I’ve been waiting for college for a very long time.
I started looking at schools when I was in the sixth grade. My school made us take a class called seminar where we learned important life skills like how to type the letter “T” over and over or use the correct form of there, their, and they’re. One day in the middle of the school year, our teacher told us that we needed to start caring about school NOW, because colleges looked at middle school grades. While I’ve never heard of a school besides Penn State doing that, I immediately raced home and started looking at colleges.
My parents told me I didn’t need to worry. Being twelve and angsty, I didn’t listen and proceeded to develop a list of schools, so when I say I’ve been at the college process for a long time, I mean it.
Over the years I’ve developed about as much knowledge as your average guidance counselor, and now on the other side there’s a lot of things I wish I knew.
One. Do not get your heart set on a single school.
Beginning in my sophomore year I fell in love with Vanderbilt University. I desperately wanted to attend to the point where my friends used to tease me on how much I talked about it. Going to tour other schools felt pointless because my heart was so set on Vanderbilt.
I love my school now and I wouldn’t trade it for the world, but when I arrived on Syracuse’s campus I hardly gave it a chance. I had just toured Cornell in the blistering cold of an Ithaca November, and all I wanted was to get through the last stop on our trip and get home.
Words can’t describe how much I regret that.
Two. Every school deserves a chance
This one is sort of a continuance from my last point. Maybe your parents really want you to tour their alma mater, or maybe a school seems too close or too far away. Give every school a shot. You genuinely never know what a school is like until you step on campus.
I used to love Miami University of Ohio. It had everything I wanted in a school- enough prestige that I felt my tuition was worth it, scholarship opportunities, greek life, proximity to a major city, and enough brick to make Harvard jealous. This school was in my top three, just under Vanderbilt and Syracuse, but when I stepped on campus I felt like I was being slowly choked out. There was soo much brick I feared I’d get lost, it was more than an hour away from Cincinnati, and it was immediately clear that everyone on campus was very worried what people thought of them.
When I toured George Washington University I had a near opposite experience. Starting out my college list I was sure I needed a “strong campus feel in the heart of a city” (as I told everyone). I had hated the elevator campuses of NYU and Emerson, so the fact that George Washington lacked a strong campus feel scared me. On that trip I toured American, GW, and Georgetown, and I truly fell in love with DC when I was at George Washington University. Doing something as simple as scheduling a tour can completely change what you think you’re looking for in a school.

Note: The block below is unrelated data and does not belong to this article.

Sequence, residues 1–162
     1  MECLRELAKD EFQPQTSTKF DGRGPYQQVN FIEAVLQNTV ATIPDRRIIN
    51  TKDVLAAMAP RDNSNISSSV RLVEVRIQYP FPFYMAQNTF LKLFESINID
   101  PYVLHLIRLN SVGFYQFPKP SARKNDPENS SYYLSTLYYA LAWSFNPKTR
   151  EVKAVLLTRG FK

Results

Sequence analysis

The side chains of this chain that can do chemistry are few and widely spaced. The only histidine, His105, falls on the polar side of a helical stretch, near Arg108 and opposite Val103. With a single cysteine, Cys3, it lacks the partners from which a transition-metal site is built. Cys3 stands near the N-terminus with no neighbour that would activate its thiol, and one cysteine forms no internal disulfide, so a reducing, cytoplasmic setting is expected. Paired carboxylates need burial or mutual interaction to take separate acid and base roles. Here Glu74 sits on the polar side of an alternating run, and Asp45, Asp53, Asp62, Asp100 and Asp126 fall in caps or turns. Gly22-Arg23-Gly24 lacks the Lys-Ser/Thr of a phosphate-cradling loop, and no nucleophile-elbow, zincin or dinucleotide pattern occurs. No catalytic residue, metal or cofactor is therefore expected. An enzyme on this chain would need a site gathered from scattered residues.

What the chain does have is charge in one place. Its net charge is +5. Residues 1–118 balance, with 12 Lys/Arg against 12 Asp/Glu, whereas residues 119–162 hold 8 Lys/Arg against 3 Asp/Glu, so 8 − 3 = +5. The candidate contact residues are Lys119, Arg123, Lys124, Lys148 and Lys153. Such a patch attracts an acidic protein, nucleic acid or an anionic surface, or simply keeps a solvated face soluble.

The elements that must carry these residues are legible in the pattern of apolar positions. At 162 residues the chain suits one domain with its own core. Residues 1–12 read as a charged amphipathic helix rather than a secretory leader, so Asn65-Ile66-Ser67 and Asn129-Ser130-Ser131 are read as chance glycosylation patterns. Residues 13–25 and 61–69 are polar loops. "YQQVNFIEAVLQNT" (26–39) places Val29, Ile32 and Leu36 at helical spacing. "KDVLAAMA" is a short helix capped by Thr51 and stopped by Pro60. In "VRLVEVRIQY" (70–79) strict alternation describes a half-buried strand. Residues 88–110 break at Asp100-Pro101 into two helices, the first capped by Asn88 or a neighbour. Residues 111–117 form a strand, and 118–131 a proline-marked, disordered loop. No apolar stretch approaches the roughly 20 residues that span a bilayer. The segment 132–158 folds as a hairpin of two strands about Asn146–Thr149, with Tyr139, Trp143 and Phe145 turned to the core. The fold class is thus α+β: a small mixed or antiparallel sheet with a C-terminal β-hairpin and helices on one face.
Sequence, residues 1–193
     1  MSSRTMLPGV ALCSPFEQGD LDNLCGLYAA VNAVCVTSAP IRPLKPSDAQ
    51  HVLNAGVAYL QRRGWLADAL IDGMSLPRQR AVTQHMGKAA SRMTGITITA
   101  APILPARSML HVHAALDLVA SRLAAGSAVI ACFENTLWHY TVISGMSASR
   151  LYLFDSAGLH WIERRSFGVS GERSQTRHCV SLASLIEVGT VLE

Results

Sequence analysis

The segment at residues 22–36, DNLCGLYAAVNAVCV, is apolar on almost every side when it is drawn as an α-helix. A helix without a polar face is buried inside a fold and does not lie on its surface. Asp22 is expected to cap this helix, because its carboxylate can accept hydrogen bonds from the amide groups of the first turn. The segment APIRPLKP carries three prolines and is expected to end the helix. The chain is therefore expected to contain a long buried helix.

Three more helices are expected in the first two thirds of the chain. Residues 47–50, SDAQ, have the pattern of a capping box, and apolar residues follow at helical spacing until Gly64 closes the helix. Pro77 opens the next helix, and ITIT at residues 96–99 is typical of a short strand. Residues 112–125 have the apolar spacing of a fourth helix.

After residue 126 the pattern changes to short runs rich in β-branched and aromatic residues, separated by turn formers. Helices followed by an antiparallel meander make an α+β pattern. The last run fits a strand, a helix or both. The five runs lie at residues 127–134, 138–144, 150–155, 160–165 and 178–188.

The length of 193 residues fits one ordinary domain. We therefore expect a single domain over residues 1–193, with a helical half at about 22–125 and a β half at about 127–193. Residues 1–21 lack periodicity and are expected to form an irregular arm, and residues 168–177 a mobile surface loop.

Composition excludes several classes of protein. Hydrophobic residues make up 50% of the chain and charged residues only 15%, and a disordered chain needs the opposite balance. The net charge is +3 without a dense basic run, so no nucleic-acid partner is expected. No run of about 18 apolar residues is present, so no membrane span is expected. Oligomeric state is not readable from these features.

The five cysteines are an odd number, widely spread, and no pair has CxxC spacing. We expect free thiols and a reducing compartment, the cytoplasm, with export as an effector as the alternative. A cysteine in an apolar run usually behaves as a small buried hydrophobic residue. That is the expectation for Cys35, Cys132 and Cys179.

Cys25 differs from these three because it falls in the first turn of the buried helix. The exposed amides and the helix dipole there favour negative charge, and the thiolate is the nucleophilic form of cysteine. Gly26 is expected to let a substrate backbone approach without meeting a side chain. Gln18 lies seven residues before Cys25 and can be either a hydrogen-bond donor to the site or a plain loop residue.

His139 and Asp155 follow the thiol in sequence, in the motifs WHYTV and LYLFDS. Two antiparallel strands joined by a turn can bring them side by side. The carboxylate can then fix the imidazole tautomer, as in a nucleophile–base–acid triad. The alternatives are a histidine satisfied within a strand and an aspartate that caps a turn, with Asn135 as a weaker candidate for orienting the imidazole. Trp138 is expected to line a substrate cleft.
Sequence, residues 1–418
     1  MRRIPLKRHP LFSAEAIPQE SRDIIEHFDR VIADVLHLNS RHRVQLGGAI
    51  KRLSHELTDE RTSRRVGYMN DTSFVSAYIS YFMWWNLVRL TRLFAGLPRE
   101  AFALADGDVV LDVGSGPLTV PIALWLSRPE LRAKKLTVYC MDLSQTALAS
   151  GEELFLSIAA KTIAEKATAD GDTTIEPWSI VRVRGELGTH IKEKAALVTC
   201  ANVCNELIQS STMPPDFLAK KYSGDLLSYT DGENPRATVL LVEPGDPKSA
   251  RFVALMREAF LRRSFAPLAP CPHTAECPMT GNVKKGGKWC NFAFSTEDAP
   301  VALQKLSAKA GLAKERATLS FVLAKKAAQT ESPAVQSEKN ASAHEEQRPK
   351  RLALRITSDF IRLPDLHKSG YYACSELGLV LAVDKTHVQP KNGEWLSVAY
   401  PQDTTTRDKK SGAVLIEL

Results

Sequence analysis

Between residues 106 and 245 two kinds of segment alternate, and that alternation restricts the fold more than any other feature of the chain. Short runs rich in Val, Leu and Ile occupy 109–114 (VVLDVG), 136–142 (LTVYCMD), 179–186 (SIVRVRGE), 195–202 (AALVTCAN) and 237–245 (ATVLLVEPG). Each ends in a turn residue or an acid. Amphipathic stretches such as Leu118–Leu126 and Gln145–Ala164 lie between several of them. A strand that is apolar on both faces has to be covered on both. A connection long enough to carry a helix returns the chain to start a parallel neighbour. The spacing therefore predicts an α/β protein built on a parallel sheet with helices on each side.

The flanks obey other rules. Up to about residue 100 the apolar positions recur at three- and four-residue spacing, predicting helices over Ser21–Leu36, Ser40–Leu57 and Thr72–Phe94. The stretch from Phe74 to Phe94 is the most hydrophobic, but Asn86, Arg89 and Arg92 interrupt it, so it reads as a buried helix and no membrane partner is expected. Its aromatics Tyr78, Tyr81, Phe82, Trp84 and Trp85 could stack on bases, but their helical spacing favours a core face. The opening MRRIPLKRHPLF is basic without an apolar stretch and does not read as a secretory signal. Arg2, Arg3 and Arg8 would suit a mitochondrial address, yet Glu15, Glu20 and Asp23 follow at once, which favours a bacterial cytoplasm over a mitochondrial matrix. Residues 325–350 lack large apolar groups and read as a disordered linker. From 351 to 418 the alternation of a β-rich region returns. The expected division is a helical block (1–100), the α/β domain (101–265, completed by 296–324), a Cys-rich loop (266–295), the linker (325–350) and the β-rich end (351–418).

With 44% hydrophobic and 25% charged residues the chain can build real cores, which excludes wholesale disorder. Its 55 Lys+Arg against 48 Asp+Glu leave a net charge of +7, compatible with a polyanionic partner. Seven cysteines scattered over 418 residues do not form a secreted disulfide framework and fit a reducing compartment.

Three. Don’t let your stats early on dictate where you think you can go.
If your GPA is not where you want it to be to get into the school of your dreams there is always time to improve. I honestly did not care very much about school in freshman year, but when I decided on where I wanted to go to school I brought my GPA up five points. Schools love to see progress in students because it shows you work really hard and you’re only going to keep working harder once you get there. There is always time to change your resume and build yourself into a character colleges are happy to have.
Four. You don’t have to be in every club.
Being super involved is great if you genuinely love what you’re doing and feel you can be a valuable member of a group while still doing well in your studies. Being over-involved is a fast way to get burnt out.
There was definitely points in my high school career where I got over-involved, taking three different music lessons, or being in multiple shows while running a nonprofit, or signing up to lead too many clubs. At the end of the day, when you over-involve yourself, its more likely than not you will have to drop something. Colleges would rather you have three or four things you do really well or you’ve been a part of for a long time than have you be in five thousand honor societies and you don’t even go to any of the meetings.
Five. Know that you will end up where you need to be
It’s pretty rare that your first choice school is the one you get into, can afford, and agree on with your parents. My mom always told me growing up that God will put you where you need to be. I shrugged that off as something cheesy she would tell me to make me feel better, but it is true. Maybe you do get into your dream school and you love it. Thats amazing. But you might also find yourself blooming at a school you never considered, or wanting to transfer from what you thought was the right fit. That’s great too. At the end of the day, your experience likely won’t be perfect, but it will be what you need to grow and develop as a person.
If you’re applying to colleges this year or in an upcoming one, the best thing you can do for yourself is to get started. College is daunting, and its important to take everything a little at a time. Don’t save anything to the last minute because you will regret it. (However it you do, you’ll live. I’m living proof)
Good luck and thanks for reading!
P.S. If you’re starting your applications now, check out my college playlist on spotify and follow me so you don’t miss a thing.